On Monday, California Gov. Gavin Newsom announced during his daily coronavirus press briefing an updated set of public health benchmarks that counties must meet to move further into reopening their economies.
These more permissive thresholds could allow 53 of the state's 58 counties to reopen more parts of the economy, he said, speaking to reporters at a Napa Valley restaurant.
In announcing the decision, Newsom cited statewide trends; hospitalizations declined by over 7% in the last two weeks and the number of patients with COVID-19 in intensive care units also fell by nearly 9%. He also said the state has conducted over a million tests, and bolstered its tracing capacity in recent weeks.
"The one size does not fit all," Newsom said Monday, "We recognize the conditions across the state are unique and distinctive depending where you are across the state."
Regions still have to go through a certification process, but the new reopening thresholds are markedly less strict than the guidelines laid out earlier this month.
To advance further into reopening, counties will have to certify the following:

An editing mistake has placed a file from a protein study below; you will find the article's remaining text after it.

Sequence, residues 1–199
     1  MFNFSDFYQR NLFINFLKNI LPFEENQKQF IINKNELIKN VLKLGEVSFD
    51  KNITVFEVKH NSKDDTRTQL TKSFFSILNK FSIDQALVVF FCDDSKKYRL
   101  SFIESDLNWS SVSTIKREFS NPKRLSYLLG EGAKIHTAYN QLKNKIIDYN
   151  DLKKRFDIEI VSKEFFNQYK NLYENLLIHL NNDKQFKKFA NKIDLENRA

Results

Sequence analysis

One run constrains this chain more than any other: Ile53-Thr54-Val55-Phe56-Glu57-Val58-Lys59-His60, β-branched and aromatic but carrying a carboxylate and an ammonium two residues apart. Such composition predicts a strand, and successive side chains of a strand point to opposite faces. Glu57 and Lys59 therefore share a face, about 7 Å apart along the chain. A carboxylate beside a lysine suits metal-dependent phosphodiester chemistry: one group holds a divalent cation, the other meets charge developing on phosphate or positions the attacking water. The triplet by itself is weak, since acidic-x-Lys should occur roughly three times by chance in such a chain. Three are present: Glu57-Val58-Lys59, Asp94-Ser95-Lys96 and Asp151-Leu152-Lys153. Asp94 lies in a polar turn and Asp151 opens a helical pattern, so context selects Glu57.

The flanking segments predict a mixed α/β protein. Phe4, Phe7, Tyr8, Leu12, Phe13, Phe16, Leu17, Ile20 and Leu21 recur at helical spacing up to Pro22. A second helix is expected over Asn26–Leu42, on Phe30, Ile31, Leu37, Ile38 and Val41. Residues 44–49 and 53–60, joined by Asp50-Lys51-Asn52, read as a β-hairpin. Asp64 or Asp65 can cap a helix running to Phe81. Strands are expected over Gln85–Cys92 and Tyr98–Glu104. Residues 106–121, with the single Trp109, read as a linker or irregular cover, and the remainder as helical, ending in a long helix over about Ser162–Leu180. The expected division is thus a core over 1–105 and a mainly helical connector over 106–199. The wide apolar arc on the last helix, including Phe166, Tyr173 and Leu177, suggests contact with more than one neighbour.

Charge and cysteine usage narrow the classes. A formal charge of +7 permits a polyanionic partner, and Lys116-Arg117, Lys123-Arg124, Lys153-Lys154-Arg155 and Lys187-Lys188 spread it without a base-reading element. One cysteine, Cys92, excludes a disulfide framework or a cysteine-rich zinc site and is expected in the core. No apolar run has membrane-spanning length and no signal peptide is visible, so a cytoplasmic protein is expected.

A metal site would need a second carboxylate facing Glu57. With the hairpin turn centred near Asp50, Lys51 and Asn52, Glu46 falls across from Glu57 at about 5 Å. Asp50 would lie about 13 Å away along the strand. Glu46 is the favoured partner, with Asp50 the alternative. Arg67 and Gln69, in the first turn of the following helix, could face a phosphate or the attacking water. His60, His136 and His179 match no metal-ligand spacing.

- No greater than 5% increase in COVID-19 hospitalizations over a 7-day period
- Less than 8% of residents test positive for coronavirus over a 7-day period
Counties could chose to show instead that in the last 14-day period, there were no more than 20 COVID-19 hospitalizations on any single day. Regions can also show they've had fewer than 25 new cases per 100,000 residents in the past 14 days.
Previously, that standard was one case per 10,000 residents. The governor also dropped the requirement that regions have no COVID-19-related deaths over a two-week period.
Excluding Los Angeles and Sacramento counties, most of the state has chosen to enter into a Stage 2 reopening, which allows places such as book, clothing, toy and sporting goods stores, as well as music shops and florists to deliver to customers at the curb.
Twenty-four California counties have moved into Expanded Stage 2, according to Newsom.
The later phase of Stage 2 allows dine-in restaurants, shopping centers, community centers and schools to reopen with modifications.
Even though the state is loosening reopening requirements, counties are able to keep their current local stay-at-home guidelines.
Newsom also hinted that in the next few weeks, in-store retail, sporting events without spectators, hair salons and religious services could reopen statewide, with modifications.